Skip to comments.The Concerns That Spooked Markets On Black Monday Are Comical Compared To The Horrors Of Today
Posted on 10/24/2012 5:10:44 AM PDT by blam
The Concerns That Spooked Markets On Black Monday Are Comical Compared To The Horrors Of Today
Peter Schiff, Euro Pacific Capital
October 24, 2012, 1:40 AM
25 years ago, on another Monday in late October, the financial world seemed to disintegrate in a heartbeat. Though the 205 point drop in the Dow last Friday (the technical anniversary of the '87 Crash) was somewhat reminiscent of its 108-point drop on Friday, October 16, 1987, the real action in '87 was on the Monday that followed. And while this Monday is not nearly as black, it is important that we use the opportunity to recall the circumstances that nearly sent the stock market into cardiac arrest.
While there were technical reasons that allowed the snowball to gather so much mass, it was major economic problems that started it rolling. Those issues remain to this day, but have grown much, much larger. But while they terrified the market 25 years ago, they don't rate a second look today. Whether investors have gotten wise, or merely oblivious, is the question we should be asking.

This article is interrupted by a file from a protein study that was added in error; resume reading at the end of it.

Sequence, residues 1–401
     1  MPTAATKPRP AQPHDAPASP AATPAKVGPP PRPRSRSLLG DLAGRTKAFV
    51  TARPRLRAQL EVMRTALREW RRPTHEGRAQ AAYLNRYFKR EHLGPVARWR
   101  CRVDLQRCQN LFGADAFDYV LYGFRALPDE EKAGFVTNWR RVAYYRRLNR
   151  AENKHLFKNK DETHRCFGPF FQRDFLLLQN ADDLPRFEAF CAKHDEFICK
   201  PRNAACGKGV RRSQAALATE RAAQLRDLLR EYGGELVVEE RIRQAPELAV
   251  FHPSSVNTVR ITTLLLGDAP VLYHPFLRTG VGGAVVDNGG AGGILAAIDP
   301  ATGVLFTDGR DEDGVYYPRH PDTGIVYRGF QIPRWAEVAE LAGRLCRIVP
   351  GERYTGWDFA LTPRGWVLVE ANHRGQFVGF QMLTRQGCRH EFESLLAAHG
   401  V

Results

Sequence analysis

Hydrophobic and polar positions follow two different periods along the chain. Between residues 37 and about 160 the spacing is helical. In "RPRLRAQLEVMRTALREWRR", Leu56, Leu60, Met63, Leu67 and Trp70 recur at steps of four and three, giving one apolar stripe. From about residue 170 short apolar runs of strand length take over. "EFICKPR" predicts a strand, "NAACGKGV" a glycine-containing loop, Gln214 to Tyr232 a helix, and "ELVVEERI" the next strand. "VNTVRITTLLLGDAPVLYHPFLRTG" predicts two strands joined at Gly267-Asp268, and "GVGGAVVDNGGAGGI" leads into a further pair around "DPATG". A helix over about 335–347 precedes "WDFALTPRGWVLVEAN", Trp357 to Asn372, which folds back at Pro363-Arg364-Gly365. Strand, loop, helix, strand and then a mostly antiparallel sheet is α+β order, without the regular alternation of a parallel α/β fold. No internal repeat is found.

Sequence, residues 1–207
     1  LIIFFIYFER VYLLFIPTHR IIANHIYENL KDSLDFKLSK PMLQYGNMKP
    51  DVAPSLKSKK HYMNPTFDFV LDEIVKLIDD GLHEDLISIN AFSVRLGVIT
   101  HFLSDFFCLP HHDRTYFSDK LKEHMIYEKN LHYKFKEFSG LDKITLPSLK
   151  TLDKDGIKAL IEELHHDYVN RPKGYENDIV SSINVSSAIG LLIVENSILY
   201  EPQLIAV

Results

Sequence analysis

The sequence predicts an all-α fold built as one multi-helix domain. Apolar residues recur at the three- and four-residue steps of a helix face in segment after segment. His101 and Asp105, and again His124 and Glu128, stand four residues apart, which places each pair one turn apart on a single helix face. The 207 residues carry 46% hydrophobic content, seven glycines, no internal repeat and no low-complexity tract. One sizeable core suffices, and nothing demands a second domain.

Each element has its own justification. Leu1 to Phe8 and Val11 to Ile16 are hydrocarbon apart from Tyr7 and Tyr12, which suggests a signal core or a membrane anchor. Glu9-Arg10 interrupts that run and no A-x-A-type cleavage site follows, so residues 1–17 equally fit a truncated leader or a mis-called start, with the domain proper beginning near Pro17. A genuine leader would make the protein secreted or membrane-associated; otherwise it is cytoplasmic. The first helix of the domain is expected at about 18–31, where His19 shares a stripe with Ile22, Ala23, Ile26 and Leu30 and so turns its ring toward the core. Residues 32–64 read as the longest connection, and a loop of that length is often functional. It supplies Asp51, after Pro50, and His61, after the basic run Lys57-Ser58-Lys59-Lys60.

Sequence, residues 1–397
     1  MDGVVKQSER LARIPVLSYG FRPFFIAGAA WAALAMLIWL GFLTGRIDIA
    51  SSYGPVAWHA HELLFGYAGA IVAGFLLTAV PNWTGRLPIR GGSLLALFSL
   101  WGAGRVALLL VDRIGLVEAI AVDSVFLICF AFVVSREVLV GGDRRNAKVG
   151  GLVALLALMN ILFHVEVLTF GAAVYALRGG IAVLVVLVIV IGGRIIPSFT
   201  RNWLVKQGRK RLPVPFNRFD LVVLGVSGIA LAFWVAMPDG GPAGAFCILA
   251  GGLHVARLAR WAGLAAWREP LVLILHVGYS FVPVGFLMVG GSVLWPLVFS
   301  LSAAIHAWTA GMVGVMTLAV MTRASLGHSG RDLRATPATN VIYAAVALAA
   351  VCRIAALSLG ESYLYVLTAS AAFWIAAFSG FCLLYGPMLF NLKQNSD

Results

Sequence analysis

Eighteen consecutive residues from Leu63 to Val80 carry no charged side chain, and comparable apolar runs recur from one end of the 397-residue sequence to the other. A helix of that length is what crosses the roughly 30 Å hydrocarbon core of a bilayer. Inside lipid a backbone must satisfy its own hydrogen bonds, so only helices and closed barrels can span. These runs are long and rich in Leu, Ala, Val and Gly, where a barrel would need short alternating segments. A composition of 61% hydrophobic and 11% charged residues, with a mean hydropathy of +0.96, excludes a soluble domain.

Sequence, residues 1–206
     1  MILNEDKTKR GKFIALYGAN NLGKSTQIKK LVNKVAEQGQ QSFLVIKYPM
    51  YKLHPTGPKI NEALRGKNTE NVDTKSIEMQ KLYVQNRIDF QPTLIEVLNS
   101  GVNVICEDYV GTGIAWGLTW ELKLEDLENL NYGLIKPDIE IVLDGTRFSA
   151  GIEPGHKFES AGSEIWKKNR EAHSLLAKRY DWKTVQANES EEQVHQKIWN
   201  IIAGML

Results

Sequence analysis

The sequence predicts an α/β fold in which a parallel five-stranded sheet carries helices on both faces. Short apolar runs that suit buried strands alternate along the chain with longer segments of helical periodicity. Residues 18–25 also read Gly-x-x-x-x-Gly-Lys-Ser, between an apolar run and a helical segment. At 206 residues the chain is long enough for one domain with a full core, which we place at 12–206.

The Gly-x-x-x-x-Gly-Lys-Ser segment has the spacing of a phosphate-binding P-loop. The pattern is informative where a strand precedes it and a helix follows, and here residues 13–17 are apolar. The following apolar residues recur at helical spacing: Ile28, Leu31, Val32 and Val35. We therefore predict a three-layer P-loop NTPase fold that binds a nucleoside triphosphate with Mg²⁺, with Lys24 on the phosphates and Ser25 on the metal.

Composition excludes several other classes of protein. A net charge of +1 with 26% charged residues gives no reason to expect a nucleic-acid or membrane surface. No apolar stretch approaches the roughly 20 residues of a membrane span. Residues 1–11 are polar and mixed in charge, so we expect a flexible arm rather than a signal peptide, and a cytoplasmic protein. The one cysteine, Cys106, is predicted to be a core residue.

Though most simply remember the 1987 Crash as one panicked selling day, Black Monday was just the largest drop in a string of bad days. On the Wednesday before, the Dow sold off 95 points (then a record) and dropped another 58 points on the Thursday. On Friday the selling got worse, with the Dow setting another record with a 108 point drop. After thinking about it over the weekend, investors decided to preserve what remained of their gains by selling on Monday. Unfortunately, everyone got the same idea at the same time.
It is true that the Crash was in some ways a technical phenomenon. As of August of 1987, stocks had surged 75% from January 1986,
(Excerpt) Read more at businessinsider.com ...
Black Monday was caused by automated trading systems that cascaded sell-orders.